I would recommend Ifukube for people like me, whose knowledge of Asian classical music is quite slim. He is more accessible than Takemitsu, but I think that Ifukube's music doesn't lack depth or stylistic innovation either. He seems to have prefigured what the minimalists eventually started doing by decades! All in all, I think that the above people who are unfamiliar with his music, will come to enjoy it quite a lot...
« Last Edit: July 29, 2009, 08:31:53 PM by Sid »

Tapkaara

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Re: Akira Ifukube - Japanese composer
« Reply #6 on: July 29, 2009, 08:57:15 PM »
Ifukube is certainly more accessible than Takemitsu. Yet, Takemitsu is the best known Japanese composer. Anyway...

Ifukube's Godzilla music is well known in Japan...probably like the Star Wars music here in the US. Everyone knows that main theme.


Offline vandermolen

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Re: Akira Ifukube - Japanese composer
« Reply #7 on: July 30, 2009, 05:23:04 AM »
I'll look forward to your thoughts on the disc, Vandermolen.

I enjoyed the CD. I need to listen again (and the music encourages me to listen again). On first hearing I especially liked the Ritmica Ostinato for Piano and Orchestra and the Godzilla inspired Symphonic Fantasia, which is atmospheric and fun. Parts of his music reminded me (a bit) of Carlos Chavez's 'Sinfonia India'. Possibly it did not quite engage me, on first hearing, as much as Hayasaka's Piano Concerto and Moroi's Symphony No 3 or the Hashimoto CD - but I will certainly be returning to Ifukube with considerable pleasure, and I have enjoyed making his aquaintance.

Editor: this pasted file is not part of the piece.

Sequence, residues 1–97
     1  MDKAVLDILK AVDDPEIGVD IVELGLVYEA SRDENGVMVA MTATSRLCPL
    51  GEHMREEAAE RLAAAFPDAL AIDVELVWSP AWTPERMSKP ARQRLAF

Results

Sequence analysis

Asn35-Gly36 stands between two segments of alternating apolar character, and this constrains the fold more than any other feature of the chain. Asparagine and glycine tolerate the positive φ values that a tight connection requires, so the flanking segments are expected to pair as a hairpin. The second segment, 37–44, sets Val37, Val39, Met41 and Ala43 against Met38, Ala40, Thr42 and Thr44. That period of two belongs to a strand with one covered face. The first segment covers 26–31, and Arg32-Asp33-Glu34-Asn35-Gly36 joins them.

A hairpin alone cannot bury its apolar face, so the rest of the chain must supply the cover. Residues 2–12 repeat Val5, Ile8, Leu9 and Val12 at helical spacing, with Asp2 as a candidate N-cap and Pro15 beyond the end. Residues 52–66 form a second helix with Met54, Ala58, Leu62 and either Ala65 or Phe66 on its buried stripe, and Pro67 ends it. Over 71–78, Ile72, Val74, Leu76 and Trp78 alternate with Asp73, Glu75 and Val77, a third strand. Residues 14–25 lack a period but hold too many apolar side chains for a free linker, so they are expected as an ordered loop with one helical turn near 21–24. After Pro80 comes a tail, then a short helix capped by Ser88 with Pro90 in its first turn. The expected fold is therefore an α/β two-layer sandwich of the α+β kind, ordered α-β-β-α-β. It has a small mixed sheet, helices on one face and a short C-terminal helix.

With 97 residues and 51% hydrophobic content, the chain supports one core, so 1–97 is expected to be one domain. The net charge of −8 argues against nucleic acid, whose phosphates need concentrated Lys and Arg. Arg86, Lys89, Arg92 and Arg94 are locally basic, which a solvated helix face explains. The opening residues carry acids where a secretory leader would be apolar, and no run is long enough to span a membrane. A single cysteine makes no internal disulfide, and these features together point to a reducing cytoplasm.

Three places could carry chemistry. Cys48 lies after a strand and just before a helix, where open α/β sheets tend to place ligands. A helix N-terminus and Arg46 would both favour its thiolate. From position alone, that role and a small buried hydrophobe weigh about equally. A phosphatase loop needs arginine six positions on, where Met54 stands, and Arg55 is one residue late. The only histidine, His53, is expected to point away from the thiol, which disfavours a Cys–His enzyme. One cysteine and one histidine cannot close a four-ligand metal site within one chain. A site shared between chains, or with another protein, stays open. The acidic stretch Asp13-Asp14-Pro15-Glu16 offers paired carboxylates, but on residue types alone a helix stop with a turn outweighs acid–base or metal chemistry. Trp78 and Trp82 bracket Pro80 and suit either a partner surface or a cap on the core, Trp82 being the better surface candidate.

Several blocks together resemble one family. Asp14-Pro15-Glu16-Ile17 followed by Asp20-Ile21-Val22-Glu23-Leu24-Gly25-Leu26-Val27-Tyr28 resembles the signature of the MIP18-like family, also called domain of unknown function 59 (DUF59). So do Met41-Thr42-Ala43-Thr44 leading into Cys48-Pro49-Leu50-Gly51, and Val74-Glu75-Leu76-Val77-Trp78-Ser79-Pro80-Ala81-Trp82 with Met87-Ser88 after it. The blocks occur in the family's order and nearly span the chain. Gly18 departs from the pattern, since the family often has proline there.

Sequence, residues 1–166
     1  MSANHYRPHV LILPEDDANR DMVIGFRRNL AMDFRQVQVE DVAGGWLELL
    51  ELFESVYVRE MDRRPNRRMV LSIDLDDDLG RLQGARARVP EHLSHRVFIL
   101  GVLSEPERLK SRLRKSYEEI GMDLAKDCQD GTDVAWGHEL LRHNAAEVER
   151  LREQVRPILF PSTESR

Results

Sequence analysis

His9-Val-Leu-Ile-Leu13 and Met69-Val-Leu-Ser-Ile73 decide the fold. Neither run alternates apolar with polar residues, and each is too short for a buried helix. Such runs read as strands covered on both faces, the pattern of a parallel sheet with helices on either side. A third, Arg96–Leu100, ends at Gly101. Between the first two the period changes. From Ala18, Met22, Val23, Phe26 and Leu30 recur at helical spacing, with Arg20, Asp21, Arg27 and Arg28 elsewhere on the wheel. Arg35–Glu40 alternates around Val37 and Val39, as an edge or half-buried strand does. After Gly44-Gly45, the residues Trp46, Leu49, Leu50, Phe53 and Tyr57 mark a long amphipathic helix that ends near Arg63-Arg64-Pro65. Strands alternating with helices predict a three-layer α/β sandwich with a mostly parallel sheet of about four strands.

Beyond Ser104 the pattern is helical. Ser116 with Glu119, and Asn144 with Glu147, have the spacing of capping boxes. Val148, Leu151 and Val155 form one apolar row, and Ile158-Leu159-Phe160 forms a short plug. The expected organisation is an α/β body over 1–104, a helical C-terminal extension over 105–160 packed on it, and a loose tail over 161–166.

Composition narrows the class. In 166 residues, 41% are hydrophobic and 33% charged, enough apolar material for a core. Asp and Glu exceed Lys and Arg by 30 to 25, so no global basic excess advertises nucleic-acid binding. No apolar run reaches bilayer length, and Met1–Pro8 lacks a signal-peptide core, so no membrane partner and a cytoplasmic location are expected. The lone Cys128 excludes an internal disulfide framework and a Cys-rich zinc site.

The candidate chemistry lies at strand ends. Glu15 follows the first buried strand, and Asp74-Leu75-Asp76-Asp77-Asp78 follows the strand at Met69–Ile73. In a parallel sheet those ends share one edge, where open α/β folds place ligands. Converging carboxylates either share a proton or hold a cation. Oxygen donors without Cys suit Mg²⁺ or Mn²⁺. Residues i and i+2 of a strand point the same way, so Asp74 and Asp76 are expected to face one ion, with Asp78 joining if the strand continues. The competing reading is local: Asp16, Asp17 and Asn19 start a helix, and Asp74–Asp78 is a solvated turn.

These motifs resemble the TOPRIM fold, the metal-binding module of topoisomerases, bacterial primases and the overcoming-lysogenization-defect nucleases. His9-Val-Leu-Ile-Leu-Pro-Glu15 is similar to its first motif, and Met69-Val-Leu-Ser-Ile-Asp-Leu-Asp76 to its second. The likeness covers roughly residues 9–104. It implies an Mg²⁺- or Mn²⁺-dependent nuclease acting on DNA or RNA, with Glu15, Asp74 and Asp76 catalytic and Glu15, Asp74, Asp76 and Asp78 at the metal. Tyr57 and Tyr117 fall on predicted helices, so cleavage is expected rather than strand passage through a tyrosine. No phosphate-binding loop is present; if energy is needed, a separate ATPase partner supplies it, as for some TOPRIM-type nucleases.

"Courage is going from failure to failure without losing enthusiasm" (Churchill).

'The test of a work of art is, in the end, our affection for it, not our ability to explain why it is good' (Stanley Kubrick).

Tapkaara

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Re: Akira Ifukube - Japanese composer
« Reply #8 on: July 30, 2009, 06:51:46 AM »
I enjoyed the CD. I need to listen again (and the music encourages me to listen again). On first hearing I especially liked the Ritmica Ostinato for Piano and Orchestra and the Godzilla inspired Symphonic Fantasia, which is atmospheric and fun. Parts of his music reminded me (a bit) of Carlos Chavez's 'Sinfonia India'. Possibly it did not quite engage me, on first hearing, as much as Hayasaka's Piano Concerto and Moroi's Symphony No 3 or the Hashimoto CD - but I will certainly be returning to Ifukube with considerable pleasure, and I have enjoyed making his aquaintance.

I'm sure you'll continue to enjoy the music. After all, I thin the Hayasaka and Moroi discs are two of the best (along with the Akutagawa disc) in the Japanese Classics sereis. Our tastes must be similar, then!